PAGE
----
But a turn of the century and we do, we do. There is a reason those mags in the checkout line are all either food - chocolate cake, fresh berry tartlets, half a luscious peach exuding its delicate juice - or lovely young women (sometimes lovely young men).  All those covers offering up their desirable comestibles.

So should we be ashamed?  Or is Lewis just being English?**

* Okay, yes, pretty much all blogliness is guilty pleasure.

** A race noted for their difficulties handling food in the raw, as it were.***

***Though English food itself is not impossible - at the ubiquitous Tesco everywhere in London I found apples, carrots, cheeses in a diversity and quality unmatched by similar grocery stores here stateside.  I think the fault lies more with the suggestive qualities of English advertising, i.e. two weeks staring at digestive aid ads morning and night on the Tube hypnotized my body into completely uncharacteristic malfunction . . . there is a deep sense of hostility between food and English culture.  Why is that?

****I usually only make cookies in December for Christmas.  This September baking was an act of love (you're welcome :D): recipes, if you insist.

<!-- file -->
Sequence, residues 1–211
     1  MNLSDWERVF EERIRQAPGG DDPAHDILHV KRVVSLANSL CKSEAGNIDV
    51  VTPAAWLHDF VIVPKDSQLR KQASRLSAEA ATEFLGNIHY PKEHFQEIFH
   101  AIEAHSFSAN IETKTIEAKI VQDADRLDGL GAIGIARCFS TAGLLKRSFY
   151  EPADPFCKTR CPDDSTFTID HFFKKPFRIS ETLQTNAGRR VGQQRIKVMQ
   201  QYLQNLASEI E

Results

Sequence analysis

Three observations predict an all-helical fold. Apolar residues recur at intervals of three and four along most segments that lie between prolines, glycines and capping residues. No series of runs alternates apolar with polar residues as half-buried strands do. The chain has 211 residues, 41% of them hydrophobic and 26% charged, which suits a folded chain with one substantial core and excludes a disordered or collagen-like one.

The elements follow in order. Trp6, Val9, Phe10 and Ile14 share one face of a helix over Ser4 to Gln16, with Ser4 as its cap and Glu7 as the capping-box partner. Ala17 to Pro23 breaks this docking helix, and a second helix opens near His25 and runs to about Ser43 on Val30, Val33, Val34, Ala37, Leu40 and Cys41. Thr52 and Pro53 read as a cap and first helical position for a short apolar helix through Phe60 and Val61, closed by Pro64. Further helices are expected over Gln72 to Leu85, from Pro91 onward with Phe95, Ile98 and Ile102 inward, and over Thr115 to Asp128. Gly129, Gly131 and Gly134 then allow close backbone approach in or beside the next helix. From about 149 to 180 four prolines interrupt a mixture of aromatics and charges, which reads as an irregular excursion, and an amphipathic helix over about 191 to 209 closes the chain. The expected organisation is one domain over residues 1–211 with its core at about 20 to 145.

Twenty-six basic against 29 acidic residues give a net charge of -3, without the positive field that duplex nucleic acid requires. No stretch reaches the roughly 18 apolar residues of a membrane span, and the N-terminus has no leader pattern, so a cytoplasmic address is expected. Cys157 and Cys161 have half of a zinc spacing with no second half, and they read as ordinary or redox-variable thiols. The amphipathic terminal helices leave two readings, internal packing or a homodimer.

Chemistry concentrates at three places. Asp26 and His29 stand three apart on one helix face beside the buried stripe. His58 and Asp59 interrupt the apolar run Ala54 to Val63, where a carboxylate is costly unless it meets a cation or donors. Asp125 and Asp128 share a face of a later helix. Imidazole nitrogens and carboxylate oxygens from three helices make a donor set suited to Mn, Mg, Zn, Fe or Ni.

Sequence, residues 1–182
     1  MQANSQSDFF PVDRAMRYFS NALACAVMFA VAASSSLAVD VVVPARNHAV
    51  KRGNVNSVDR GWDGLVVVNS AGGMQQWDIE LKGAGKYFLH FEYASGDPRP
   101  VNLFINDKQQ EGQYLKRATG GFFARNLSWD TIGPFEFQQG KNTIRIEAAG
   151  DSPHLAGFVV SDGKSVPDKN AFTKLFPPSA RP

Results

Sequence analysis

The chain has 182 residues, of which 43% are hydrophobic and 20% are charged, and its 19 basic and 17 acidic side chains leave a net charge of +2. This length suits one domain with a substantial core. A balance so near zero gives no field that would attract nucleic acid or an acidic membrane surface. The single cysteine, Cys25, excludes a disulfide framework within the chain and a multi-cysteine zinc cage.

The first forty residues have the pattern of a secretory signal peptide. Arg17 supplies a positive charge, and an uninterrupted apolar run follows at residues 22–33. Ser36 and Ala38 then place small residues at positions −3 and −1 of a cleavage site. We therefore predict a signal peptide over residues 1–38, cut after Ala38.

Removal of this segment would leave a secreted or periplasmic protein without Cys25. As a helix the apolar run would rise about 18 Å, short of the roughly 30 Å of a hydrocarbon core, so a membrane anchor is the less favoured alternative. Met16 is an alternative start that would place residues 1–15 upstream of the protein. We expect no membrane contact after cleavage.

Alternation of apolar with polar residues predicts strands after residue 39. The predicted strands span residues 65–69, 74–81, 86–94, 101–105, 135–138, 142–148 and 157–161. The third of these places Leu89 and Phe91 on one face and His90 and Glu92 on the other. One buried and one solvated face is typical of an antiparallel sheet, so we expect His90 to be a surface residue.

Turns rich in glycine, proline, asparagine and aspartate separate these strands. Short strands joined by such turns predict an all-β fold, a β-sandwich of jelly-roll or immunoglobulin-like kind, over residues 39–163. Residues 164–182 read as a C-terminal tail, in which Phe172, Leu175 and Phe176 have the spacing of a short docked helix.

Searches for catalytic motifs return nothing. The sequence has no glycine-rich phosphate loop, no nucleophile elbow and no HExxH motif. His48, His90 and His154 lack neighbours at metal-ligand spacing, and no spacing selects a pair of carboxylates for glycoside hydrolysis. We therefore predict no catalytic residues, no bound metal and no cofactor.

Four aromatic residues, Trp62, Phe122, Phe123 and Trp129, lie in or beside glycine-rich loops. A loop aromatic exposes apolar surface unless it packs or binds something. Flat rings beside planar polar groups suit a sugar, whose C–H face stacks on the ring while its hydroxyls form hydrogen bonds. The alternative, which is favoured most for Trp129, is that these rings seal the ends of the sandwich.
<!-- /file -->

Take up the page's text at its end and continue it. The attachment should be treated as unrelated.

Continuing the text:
Tuesday, October 20, 2009

the Rider'sRuralRestaurantReview: Burgerville

what it is:  Fresh.  Local. Sustainable.  As in, grass-fed hamburger, free-range turkey burger, wild Alaskan catch halibut and sole, cage-free eggs, organic lettuce, certified sustainable apples, fresh local berry shakes.  This is fast food for mossy-toed Oregonians.  (And for some lucky Washingtonians)  $1.49 for a cheeseburger -  $9.69 for a 4-piece fish and chips.  Plenty of virtuously environmental calories and pretty universally yum.

What this is not is a place to take foodie-snobs who don't realize that the hamburger has a worthy culinary tradition of is own.  Nor a place to bring  not-particularly-crunchy-granola  relatives who, rather than basking in all the sustainability and eco-consciousness, find it all somewhat irritating, especially if their (apparently overpriced) hamburger arrives undercooked.

For the rest of us, though, this is the fast-food emporium of choice around here.

tasty choices: fresh raspberry shakes, fresh blackberry shakes, fresh strawberry shakes, fresh berry lemonade, onion rings,  fish & chips, Tillamook cheeseburger, wild smoked salmon & hazlenut salad, spicy Anasazi bean burger (with chipotle mayonnaise and pepper jack cheese).  And when in season . . . SWEET POTATO FRIES. 

great for:  Quick-date alternative to wandering around the grocery store aisles together.

After-play-performance hot chocolate swirled high with whipped cream.

Post-Christmas-concert eggnog shakes (no, peppermint) (eggnog) (peppermint) (eggnog . . .